Abstract

A 75-;yr-old female presented with platypnoea and orthodeoxia, shortly after laying down an old and pinching corset. The injection of activated Haemaccel in the right cubital vene during transoesophageal echocardiography, in the upright position, revealed a direct blood flow from the superior caval vein at a patent foremen ovale, consequently opening it and causing a large right-to-left shunt which was calculated at 28.5%. In the supine position there was only a minimal opening of the patent foremen ovale with a calculated right-to-left shunt of 9.5%. The patent foremen ovale was successfully closed percutaneously with a CardioSEALTM.

Right-to-left shunting through a patent foremen ovale (PFO) is mostly caused by increased right arterial pressure (massive pulmonary embolism or primary pulmonary hypertension). Another major cause is an abnormal anatomical relationship with a change in the blood flow from the inferior caval vein directed to the PFO. This condition may be seen after pneumonectomy 1.

In this study the very unusual presentation of platypnoea (breathlessness in the upright position) and orthodeoxia (arterial desaturation in the upright position) in a 75-;yr-old female after taking off a corset is described.

Case report

A 75-;yr-;old female patient was referred to the authors' hospital (St Antonius Hospital) for further analysis of severe shortness of breath and desaturation in the upright position and the suspicion of a right-to-left shunt. Symptoms preventing the patient from performing any physical activity had started shortly after laying down an old and pinching corset. The medical history revealed an ischaemic cerebrovascular accident with complete recovery and two transient ischaemic attacks. There was no history of other cardiopulmonary disease and the patient had never smoked.

At first presentation, the patient showed no signs of shortness of breath when lying in bed. In the upright position, however, severe breathlessness occurred and central cyanosis became obvious. Sitting or lying down made her regain her breath and cyanosis disappeared. Examination of the heart and lungs was normal; there were no signs of congestive heart failure. Further physical examination revealed no abnormalities, except for a thoracic kyphosis. Routine laboratory tests were normal. A chest radiograph demonstrated normal lung fields and heart figure, but showed a small thoracic stomach. Pulmonary function tests revealed no evidence of obstructive or restrictive disease and the diffusing capacity for carbon monoxide was normal.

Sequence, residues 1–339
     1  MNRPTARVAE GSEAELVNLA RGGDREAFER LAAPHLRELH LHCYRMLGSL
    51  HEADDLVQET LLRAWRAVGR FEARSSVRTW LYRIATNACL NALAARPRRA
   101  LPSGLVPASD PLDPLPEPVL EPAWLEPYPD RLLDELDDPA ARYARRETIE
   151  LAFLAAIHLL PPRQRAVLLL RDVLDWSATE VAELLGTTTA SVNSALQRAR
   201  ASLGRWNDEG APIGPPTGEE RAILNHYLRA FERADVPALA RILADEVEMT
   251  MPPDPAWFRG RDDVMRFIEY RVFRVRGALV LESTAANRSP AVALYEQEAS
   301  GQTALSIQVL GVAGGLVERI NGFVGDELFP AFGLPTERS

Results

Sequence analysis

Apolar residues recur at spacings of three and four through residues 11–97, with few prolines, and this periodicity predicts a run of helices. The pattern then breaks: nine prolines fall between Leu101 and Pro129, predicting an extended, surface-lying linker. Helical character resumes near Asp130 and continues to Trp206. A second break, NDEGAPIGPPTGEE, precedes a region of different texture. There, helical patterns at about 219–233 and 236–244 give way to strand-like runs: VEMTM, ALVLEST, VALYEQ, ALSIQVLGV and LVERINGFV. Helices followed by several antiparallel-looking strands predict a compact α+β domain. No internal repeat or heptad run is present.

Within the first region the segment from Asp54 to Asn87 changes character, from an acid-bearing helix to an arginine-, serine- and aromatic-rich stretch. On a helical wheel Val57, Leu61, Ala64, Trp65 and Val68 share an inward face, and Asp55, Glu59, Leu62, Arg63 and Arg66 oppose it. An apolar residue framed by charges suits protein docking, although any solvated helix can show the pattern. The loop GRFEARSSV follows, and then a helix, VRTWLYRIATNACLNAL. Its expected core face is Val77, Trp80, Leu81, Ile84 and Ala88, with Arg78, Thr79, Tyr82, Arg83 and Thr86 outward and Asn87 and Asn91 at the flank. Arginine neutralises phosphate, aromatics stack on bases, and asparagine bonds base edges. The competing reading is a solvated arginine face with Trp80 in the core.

Arterial blood gas analysis showed an oxygen tension in arterial blood (Pa,O2) of 12.1 kPa in the supine position, and a Pa,O2 of 7.2 kPa in the upright position. After breathing pure oxygen for 30 min, the right-to-left shunt was calculated using the classical equation and assuming an arteriovenous difference in the oxygen content of 5 mL·100 mL−1 2. The right-to-left shunt was 9.5%, 9.0% and 28.5% in the supine, sitting and upright position, respectively.

Supine transthoracic echocardiography (ECHO) and pulmonary angiography showed normally sized and contracting heart chambers, normal heart valves, no septum defects, and no pulmonary embolism or arteriovenous malformations. Also, no elevation of the right heart and pulmonary pressures was found.

On suspicion of positionally induced shunting in the heart, a transoesophageal ECHO was performed in different positions. After the injection of activated Haemaccel into the right cubital vene, a very small right-to-left shunting across the atrial septum, i.e. a PFO, was seen in the supine position (fig. 1a). In the upright position, however, there was a large increase in shunting (fig. 1b). This was due to a direct blood flow from the superior caval vein to the PFO, consequently opening it.

Fig. 1.—